If you have a child or grandchild interested in golf, it’s a great sport to get them started with as early as possible. Kid golfers require their own special golfing equipment to help them achieve success. With smaller hands and frames, kids need a putter made just for them they can grip and swing with ease. There are several best kid putters in 2021 you should consider purchasing for your child.
If you have a child looking to get into golf, kids putters are usually less expensive than adult putters. However, price is not the only thing to consider when buying a putter for your junior golfer. Other things such as length, weight, style and type of the putter, are very important.
So, to help you choose the right putter for your kid, we’ve provided answers to the important question:
What Should I look Out for When Buying a Kid’s Putter?
The length of the Putter
Unlike clothes, kids don’t grow into their putters. So, if you are buying a longer one with the intention that your kid will grow into it, you are not giving your junior golfer the best chance at golf. You are actually restricting him or her.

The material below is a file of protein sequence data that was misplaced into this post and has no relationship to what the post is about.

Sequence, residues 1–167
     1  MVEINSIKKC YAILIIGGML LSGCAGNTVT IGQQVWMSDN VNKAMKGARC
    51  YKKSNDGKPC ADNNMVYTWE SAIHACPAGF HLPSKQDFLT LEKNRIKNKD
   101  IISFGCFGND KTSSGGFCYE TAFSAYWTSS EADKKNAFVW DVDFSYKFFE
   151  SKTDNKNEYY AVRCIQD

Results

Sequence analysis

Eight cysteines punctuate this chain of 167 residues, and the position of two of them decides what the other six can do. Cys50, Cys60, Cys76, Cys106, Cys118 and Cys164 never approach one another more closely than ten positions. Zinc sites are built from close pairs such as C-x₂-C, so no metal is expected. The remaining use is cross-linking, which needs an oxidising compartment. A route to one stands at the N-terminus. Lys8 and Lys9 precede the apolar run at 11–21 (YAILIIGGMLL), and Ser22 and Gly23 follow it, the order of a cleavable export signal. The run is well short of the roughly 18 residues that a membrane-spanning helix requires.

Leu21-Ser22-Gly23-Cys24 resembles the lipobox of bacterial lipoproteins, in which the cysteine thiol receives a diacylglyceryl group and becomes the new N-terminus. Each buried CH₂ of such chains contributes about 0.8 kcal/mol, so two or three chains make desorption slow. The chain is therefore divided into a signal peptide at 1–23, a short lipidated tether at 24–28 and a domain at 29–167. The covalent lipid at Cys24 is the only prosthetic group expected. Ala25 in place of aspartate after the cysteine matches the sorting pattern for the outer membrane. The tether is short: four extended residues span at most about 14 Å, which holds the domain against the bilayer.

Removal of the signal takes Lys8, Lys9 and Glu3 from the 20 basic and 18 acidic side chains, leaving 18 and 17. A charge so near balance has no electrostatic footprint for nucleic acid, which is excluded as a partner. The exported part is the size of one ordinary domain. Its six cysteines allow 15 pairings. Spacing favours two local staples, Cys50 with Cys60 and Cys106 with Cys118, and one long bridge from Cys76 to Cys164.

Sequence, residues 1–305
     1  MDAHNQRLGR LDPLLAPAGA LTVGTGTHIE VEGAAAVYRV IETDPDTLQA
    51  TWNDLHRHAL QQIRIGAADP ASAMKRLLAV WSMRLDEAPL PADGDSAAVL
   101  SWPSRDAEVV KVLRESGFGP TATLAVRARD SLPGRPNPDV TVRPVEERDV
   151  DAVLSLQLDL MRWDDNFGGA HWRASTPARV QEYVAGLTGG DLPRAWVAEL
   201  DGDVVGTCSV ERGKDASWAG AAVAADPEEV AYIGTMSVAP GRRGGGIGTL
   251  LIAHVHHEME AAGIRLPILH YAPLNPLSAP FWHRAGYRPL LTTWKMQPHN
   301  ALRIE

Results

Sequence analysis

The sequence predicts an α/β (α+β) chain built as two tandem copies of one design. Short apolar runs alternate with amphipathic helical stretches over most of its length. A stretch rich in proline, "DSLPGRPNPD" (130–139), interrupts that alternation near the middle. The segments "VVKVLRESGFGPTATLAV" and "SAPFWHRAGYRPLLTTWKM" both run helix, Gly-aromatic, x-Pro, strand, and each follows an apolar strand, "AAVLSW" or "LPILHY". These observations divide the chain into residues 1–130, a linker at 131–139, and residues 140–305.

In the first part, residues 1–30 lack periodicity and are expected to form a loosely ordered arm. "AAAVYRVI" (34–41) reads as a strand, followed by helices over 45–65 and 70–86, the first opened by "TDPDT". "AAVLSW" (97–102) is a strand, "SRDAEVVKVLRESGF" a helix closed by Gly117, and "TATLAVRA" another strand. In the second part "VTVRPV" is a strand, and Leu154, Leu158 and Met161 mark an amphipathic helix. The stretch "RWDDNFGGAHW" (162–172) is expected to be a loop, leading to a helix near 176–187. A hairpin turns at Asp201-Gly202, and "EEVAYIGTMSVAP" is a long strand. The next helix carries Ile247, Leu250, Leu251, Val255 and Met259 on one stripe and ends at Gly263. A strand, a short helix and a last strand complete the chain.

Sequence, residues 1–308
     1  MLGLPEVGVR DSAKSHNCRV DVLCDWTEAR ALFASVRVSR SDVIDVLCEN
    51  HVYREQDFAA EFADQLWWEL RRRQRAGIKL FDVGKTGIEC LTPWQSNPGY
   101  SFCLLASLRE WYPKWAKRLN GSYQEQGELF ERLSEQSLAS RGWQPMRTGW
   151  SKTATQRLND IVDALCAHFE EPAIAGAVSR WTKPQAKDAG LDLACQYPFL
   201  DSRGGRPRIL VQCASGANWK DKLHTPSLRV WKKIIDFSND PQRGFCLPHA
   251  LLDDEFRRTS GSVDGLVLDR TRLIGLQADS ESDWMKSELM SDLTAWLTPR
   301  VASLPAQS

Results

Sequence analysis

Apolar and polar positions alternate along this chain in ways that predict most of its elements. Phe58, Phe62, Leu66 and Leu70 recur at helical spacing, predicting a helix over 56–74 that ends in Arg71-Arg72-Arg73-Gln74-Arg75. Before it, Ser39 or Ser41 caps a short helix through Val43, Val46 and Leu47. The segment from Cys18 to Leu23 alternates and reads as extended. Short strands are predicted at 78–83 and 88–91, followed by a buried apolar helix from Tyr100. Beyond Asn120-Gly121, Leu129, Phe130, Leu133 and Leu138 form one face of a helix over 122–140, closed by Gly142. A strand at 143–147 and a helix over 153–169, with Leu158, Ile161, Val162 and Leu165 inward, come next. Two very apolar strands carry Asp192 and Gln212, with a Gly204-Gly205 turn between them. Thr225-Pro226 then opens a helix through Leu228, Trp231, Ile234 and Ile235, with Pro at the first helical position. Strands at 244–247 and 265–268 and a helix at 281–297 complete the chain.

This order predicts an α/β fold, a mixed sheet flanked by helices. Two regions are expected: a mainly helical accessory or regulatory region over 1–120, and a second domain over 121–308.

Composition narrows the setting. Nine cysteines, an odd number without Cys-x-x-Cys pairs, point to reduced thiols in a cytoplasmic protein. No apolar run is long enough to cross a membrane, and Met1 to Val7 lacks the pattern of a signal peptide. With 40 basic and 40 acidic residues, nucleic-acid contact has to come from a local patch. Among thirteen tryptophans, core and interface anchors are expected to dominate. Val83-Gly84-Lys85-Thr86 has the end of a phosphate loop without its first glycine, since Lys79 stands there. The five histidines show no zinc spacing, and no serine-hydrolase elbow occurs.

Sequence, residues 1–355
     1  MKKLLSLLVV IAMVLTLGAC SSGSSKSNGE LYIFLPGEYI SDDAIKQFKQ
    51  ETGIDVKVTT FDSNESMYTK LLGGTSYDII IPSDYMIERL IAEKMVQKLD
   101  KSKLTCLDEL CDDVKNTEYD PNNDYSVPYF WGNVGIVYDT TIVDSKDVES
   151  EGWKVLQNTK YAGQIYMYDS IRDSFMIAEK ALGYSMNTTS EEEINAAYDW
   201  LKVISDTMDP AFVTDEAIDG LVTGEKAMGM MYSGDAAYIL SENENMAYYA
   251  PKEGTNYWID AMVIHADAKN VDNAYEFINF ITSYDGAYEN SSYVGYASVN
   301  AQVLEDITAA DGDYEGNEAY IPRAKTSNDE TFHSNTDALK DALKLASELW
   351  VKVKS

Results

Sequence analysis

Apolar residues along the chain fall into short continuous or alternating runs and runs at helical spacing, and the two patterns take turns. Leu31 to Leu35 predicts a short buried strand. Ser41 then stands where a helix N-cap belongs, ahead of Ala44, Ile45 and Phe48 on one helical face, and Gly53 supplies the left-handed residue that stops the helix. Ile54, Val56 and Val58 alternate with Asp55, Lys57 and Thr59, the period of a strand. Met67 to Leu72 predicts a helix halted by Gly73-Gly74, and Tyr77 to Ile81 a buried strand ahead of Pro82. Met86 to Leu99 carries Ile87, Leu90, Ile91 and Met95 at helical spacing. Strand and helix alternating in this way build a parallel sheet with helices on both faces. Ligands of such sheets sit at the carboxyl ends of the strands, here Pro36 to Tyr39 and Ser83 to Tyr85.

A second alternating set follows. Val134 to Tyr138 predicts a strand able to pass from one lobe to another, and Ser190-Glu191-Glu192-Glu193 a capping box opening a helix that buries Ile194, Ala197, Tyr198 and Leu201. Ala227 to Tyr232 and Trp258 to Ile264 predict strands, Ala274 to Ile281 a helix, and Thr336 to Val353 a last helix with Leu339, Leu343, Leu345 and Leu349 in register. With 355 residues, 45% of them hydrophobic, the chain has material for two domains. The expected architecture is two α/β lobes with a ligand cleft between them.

If the length of the putter is excessive, it will force the kid to have it too far from his/her body. Your young golfer would compromise his/her stance and that will make consistent contact very hard because the toe of the putter will be off the ground.
To choose the right putter length for your kid, let him/her get into posture with his/her hands hanging at a natural length. Then he/she should grip the putter with their arms hanging straight. If the wrist of your kid’s top arm comes within an inch and half of the top club, then it’s the right length.
The Weight of the Putter
Usually, junior golfers are advised to try different putter weights to see what feels most natural to them. However, the key is not choosing a putter that’s too heavy for them. A heavy putter will cause excessive body movement.
What your kid needs are one that will keep his/her body still so that he/she can make a stroke with ease. With a heavy putter, unrestrained body movement will ruin your kid’s flow and rhythm. Essentially, a light putter will give your junior golfer better control.